The screening process for prospective adoptive parents must include serious discussions about possible struggles with depression and anxiety for adoptees. Parents need to hear directly from adopted persons about their struggles. Anyone involved with preparation for prospective adoptive parents and with counseling of parents and adoptees must step up their services prior to adoptive placements to encourage families, after placement, to reach out for help and not live in isolation, as the Williams’ family essentially did. There is no shame in asking for help in difficult circumstances, whether children or parents are struggling.

Everyone, with or without a connection to adoption, should file away the phone number of the National Suicide Prevention Lifeline: 1-800-273-8255. If the Def Jam artist Logic can release a song about it, the rest of us can surely keep the phone number, share it when needed, and learn about suicide prevention. There are many resources available to anyone considering suicide and to anyone who fears that someone may attempt suicide.

And please do not think I am ignoring the needs of first/birth parents, and the loss and trauma that they experience. While my focus here is on Hana and other adoptees after an adoptive placement, I recognize that first/birth parents also need support and resources for depression or other challenges post-placement.

I keep Hana in my heart. What happened to her should never have happened to any child. The notion of children dying by suicide is wrenching as well. I know many adult adoptees are especially grieving the loss of their young counterparts, and looking for more ways to help. We need to keep conversations open, especially around adoption, depression, and loss. We need to acknowledge the pain and complexity, to speak up for vulnerable children, and to offer help to struggling families.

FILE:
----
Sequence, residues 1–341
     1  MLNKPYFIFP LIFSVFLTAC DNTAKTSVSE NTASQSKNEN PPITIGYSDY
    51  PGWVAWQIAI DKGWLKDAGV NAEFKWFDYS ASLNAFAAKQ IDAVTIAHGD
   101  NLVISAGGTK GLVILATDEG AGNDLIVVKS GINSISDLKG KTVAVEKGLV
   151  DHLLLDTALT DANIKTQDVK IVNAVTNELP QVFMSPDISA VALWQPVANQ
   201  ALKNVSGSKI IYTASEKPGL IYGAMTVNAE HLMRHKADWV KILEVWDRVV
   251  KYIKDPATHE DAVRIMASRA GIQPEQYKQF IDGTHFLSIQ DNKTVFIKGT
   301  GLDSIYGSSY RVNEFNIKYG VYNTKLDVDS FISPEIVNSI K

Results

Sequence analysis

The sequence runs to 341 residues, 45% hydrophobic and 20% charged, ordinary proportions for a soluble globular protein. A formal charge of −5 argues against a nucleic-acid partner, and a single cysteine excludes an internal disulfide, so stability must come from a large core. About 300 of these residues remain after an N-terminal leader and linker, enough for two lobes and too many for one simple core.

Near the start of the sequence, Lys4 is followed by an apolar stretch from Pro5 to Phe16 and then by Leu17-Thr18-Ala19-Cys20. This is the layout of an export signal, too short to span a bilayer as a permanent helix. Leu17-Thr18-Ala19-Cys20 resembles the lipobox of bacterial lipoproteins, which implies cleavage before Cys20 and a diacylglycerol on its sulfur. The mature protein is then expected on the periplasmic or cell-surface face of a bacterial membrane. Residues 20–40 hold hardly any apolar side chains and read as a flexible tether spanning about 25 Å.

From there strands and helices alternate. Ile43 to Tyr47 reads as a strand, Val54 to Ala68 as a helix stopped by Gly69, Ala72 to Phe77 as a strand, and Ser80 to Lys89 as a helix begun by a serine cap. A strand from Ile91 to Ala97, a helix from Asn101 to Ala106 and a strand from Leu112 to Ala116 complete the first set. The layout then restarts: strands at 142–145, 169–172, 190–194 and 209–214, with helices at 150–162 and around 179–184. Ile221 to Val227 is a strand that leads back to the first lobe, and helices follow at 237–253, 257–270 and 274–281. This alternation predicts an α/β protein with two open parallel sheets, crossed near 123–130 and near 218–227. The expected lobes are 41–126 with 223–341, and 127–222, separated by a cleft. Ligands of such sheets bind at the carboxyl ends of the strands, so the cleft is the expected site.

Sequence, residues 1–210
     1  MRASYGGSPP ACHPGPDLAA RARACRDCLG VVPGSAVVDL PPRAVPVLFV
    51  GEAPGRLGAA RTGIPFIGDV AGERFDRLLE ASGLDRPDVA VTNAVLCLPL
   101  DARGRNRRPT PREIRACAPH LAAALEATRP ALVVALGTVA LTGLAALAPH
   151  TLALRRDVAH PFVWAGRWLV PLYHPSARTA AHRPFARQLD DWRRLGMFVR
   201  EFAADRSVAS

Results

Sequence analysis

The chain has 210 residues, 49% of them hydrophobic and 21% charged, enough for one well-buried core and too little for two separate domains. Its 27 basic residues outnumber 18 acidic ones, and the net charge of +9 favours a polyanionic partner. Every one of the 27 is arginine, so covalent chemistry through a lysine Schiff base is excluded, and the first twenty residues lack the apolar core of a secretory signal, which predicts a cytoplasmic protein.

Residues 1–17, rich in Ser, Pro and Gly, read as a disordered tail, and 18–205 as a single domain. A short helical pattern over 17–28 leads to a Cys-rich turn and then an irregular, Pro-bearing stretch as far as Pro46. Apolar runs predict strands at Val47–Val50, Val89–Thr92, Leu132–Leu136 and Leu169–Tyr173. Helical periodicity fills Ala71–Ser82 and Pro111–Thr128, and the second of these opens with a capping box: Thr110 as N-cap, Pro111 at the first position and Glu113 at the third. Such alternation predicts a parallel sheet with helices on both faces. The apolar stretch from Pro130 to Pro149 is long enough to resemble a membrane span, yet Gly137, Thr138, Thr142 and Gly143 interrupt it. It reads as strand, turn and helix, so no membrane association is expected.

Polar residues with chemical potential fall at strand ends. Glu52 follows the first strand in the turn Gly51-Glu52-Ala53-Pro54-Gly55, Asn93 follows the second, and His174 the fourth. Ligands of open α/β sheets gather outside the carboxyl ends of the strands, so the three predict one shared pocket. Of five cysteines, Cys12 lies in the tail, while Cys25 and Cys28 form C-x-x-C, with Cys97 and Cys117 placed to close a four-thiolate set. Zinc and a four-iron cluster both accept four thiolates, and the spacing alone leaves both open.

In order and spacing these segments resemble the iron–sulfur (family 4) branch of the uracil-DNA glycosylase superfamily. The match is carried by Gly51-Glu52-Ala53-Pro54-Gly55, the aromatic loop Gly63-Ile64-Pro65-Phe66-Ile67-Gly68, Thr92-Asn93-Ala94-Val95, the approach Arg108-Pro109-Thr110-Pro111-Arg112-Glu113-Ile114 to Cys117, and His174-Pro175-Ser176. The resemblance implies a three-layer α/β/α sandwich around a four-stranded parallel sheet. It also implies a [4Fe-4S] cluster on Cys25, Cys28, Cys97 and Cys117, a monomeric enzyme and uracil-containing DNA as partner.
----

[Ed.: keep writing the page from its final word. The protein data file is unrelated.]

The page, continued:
13 Reasons Why, Teen Suicide, Social Media, and Adoption

Your teens or preteens may be watching a highly popular show about a teenager who died by suicide. They could even have seen real teens die by suicide livestreamed on Facebook. We all need to open our eyes, talk with our kids, and have suicide prevention resources close at hand. This may be especially important for adopted teens.

Your kids may be watching the Netflix show “13 Reasons Why.Based on a book with the same title, and produced by Selena Gomez, it’s about a young woman who died by suicide and left 13 tapes behind to explain why she killed herself. It’s a popular show. It includes rape, bullying, grief, and graphic depiction of the dead girl cutting her arm open and dying alone in a bathtub. It’s about how her friends try to understand, and, I guess, try to do better, be kinder, in their lives now.

It’s possible to binge-watch all 13 episodes. And I would guess that most teens, and even pre-teens, could do exactly that without ever talking about it with their parents or any other caring adults.

It’s a lot to take in.

Are you aware of that suicide is the second leading cause of teenage deaths? You can read the CDC report here.

 

 

Are you aware that adoptees have been shown to be four times more likely to attempt  suicide than non-adopted teens? You can read the report by the American Academy of Pediatrics here.

Are you aware that at least two teens have live-streamed their suicides on Facebook? You can read a newspaper article about it here.